But then, Toye was never a typical anything. When he first came to prominence, playing along Colm McFadden with St Michael’s, he gave the impression that there was little he couldn’t do. “When he was nine or 10 he always had a ball in his hand when you were passing the house. He is a quiet, very nice kind of fella so much so that you’d think he wasn’t listening to you at times,” says Liam McElhinney, who coached him at underage level.

“But he was very popular and probably would have won our player of the year awards all the time because he had so much talent. And he was making Donegal teams at a very young age. For the club, he was always a score getter and ball winner and his biggest attribute was as a driving force.”

Toye has the build of a midfielder and the ball-carrying ease of an inside forward and deceives defenders with an unexpected turn of pace. “Loads of skill and could carry a ball at pace, which isn’t always that easy,” McEniff said of his first impression. “You couldn’t have had a nicer fella in the squad and he worked on his game. He’d lack a bit of confidence in himself sometimes . . . he would pass the ball with the side of the foot rather than hit it through the lace. He would offload the ball rather than shoot even though he is an accurate shooter.”

But he had a habit of delivering crucial, heavyweight scores. A goal in Croke Park against Meath in 2002. That thunderbolt against Armagh the next summer. A goal against Cork in the quarter-final of 2006 (Donegal lost by a point). Then his deliverance against Kildare.

“What people often forget was that Christy also scored the point deep in extra-time to level the match,” says McElhinney. “That score would have been talked about for a long time but I suppose it was forgotten about because Kevin Cassidy hit that huge score to win it seconds afterwards.”

Bright end

Toye started against Dublin in the infamous All-Ireland semi-final but was plagued with shoulder tendinitis and the old Achilles injury throughout Donegal’s All-Ireland winning year – appearing for the last quarter of the All-Ireland final was a bright end to a tough year.

Then, that autumn, he was literally struck down with trigeminal neuralgia, a nerve condition which caused excruciating and continuous pain in his teeth, ear, behind his eye and in his face. A correct diagnosis was elusive and the pain constant. “There were times when you thought you were so far away from going back playing,” he said of that period. “I don’t think the thought ever crossed my mind that I would ever completely give it up.”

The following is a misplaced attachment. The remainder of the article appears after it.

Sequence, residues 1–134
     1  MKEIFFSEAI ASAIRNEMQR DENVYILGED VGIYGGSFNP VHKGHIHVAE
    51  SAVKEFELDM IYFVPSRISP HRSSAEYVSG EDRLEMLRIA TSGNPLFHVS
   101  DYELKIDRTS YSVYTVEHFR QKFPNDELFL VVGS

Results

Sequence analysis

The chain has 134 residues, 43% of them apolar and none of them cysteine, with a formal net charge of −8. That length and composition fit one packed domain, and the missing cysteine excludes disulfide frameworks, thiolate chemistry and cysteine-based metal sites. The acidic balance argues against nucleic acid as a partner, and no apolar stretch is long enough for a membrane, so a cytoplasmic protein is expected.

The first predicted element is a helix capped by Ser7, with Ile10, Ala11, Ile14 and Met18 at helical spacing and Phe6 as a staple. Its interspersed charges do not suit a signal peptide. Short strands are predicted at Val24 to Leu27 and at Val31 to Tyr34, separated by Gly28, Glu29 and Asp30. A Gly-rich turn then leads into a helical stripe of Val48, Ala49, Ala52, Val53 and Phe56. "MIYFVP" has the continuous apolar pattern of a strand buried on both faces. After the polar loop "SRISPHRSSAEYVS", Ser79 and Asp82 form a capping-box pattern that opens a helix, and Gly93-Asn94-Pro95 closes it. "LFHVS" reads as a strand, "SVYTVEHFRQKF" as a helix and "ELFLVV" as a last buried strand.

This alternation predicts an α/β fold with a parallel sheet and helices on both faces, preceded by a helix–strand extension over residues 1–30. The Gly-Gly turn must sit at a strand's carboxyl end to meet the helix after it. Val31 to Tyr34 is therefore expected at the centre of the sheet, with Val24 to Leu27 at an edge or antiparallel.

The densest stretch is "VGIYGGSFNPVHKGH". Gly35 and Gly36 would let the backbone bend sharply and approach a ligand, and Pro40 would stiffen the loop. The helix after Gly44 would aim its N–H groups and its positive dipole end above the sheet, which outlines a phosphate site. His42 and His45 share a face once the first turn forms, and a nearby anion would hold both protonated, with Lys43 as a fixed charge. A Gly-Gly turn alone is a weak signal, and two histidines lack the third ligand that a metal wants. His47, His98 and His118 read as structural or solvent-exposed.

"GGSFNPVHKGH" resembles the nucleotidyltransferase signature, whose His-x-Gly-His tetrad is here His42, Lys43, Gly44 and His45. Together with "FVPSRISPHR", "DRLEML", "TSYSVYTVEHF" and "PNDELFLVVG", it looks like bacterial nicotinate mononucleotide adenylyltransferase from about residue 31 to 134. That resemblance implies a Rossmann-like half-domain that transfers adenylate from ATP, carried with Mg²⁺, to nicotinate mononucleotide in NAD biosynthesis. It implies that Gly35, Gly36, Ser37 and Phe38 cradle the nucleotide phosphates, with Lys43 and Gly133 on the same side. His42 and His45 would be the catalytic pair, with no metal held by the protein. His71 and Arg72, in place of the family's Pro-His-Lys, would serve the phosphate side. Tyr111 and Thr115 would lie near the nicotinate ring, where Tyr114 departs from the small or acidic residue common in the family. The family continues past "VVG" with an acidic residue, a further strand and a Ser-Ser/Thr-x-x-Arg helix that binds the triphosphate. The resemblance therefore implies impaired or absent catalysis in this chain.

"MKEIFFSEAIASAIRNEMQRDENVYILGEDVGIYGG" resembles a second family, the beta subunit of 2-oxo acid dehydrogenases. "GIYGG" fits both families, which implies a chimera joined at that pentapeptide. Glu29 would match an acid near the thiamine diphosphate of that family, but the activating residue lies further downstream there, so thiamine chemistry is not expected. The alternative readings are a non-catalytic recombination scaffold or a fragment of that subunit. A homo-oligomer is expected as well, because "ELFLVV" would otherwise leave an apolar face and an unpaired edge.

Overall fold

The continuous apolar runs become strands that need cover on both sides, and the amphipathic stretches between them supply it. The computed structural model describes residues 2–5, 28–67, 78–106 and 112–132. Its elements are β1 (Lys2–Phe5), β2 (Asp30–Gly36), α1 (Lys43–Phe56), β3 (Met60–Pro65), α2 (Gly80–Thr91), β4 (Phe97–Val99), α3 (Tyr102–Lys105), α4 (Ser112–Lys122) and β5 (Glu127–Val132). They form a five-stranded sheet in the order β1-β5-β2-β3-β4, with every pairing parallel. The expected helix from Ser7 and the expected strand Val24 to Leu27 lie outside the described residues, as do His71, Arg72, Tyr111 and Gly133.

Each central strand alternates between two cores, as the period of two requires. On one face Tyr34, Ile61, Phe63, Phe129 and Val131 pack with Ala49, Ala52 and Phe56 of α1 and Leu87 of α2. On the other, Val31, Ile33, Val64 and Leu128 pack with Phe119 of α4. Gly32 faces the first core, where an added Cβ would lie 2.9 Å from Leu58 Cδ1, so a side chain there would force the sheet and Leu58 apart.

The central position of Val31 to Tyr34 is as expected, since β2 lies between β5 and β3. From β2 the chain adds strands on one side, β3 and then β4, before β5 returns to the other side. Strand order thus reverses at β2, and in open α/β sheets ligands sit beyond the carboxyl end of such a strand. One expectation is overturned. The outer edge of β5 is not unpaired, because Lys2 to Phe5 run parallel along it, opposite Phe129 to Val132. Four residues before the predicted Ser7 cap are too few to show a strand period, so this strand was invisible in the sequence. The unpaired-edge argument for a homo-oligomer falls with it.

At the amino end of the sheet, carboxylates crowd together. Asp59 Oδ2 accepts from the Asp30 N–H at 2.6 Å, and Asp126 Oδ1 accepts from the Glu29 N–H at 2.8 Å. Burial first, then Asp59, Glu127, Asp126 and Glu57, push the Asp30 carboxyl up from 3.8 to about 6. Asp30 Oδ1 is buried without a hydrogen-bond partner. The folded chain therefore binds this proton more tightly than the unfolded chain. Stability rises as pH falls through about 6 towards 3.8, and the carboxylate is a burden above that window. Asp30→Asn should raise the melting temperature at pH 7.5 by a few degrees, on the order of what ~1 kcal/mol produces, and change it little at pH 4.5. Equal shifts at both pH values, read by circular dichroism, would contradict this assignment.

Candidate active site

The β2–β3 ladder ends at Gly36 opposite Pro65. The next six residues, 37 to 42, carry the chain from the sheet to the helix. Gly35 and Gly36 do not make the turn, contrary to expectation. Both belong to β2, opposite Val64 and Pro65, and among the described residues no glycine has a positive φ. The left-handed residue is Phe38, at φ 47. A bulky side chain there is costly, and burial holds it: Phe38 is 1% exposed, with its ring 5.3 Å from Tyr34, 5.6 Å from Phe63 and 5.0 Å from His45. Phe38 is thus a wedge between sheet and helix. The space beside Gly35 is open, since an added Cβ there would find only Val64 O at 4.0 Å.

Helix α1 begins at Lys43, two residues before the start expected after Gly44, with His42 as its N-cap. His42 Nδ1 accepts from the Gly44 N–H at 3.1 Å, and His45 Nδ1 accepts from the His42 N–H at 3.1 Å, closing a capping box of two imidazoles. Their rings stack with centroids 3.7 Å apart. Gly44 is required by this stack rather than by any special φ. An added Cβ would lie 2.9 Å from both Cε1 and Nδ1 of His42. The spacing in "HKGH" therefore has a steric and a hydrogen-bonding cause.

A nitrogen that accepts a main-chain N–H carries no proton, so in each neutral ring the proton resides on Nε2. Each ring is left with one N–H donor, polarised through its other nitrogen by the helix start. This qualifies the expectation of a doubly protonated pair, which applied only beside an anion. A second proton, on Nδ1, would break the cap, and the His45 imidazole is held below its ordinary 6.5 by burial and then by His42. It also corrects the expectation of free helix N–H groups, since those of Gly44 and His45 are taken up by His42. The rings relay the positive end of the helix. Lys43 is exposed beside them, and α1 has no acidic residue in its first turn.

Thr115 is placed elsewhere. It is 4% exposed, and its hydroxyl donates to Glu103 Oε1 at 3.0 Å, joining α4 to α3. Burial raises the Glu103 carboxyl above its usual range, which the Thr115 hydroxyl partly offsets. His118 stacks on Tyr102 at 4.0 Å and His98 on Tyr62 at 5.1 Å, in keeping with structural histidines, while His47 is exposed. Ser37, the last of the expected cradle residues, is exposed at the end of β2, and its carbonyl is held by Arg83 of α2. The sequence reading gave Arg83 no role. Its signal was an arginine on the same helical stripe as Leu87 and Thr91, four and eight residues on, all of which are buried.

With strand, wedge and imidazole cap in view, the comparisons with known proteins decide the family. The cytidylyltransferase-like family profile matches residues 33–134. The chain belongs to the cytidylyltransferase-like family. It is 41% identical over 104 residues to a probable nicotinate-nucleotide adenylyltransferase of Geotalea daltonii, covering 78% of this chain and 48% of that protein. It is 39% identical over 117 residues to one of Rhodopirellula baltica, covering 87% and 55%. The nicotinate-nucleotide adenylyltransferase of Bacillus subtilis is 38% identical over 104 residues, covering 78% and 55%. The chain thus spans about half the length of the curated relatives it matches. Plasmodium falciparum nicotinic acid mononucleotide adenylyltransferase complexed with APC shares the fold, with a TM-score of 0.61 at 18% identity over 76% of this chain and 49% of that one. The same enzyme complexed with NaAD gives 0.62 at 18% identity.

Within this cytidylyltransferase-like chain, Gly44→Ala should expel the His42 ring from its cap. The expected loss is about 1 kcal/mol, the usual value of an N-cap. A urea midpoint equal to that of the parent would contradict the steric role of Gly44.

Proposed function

The condition dogged him all through last year. He watched Donegal surrender Ulster and All-Ireland crowns as a supporter. The general assumption was that his day was probably done.

“We were worried that we would never see Christy play for the club again, let alone the county,” McElhinney says. “I would have been in visiting him and it was just like a constant toothache all the time. It would drive you to distraction. And Christy being the type of lad he is didn’t look for too much sympathy for it either. He spent most of that time in his room.”

The affliction cleared up as inexplicably as it appeared. He had remained in touch with McGuinness throughout last season and this year was slowly reacquainted with the demands of the elite game, starting consecutive league games for the first time since 2009.

So on Sunday, against the odds, Christy Toye is poised to make his 50th championship appearance in what will be his fifth Ulster final. He is still only 31 years old. Only his long-time club mate Colm McFadden has turned out more times, with 52 appearances.

Brilliant career

The manner of his championship return seemed to characterise what has been a long and sporadically brilliant football career. Much of Donegal’s preparation had been focused on their visit to Derry. Toye was being held in reserve but 11th hour injuries to the midfield meant he was again asked to don the cape, announced as a started minutes before throw-in.

So there he was in the maelstrom of Celtic Park, putting in a hugely accomplished half hour when he seemed to be everywhere, claiming ball at midfield, operating at point for Donegal’s defensive press, carrying the ball into enemy country and, at one stage, pulling up and kicking a point as if it suddenly occurred to him that it might be a good idea. He was gone at half-time, shattered. But that hardly mattered: it was clear, too, that he was back.